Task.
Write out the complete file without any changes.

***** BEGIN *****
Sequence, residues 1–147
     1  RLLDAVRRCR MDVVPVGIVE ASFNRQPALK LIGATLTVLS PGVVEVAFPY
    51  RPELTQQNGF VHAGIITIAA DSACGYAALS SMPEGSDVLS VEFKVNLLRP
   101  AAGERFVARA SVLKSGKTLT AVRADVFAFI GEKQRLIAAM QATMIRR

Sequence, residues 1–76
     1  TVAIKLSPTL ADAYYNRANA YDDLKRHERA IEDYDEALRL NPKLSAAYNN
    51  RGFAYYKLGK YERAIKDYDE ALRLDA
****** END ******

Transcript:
Sequence, residues 1–147
     1  RLLDAVRRCR MDVVPVGIVE ASFNRQPALK LIGATLTVLS PGVVEVAFPY
    51  RPELTQQNGF VHAGIITIAA DSACGYAALS SMPEGSDVLS VEFKVNLLRP
   101  AAGERFVARA SVLKSGKTLT AVRADVFAFI GEKQRLIAAM QATMIRR

Sequence, residues 1–76
     1  TVAIKLSPTL ADAYYNRANA YDDLKRHERA IEDYDEALRL NPKLSAAYNN
    51  RGFAYYKLGK YERAIKDYDE ALRLDA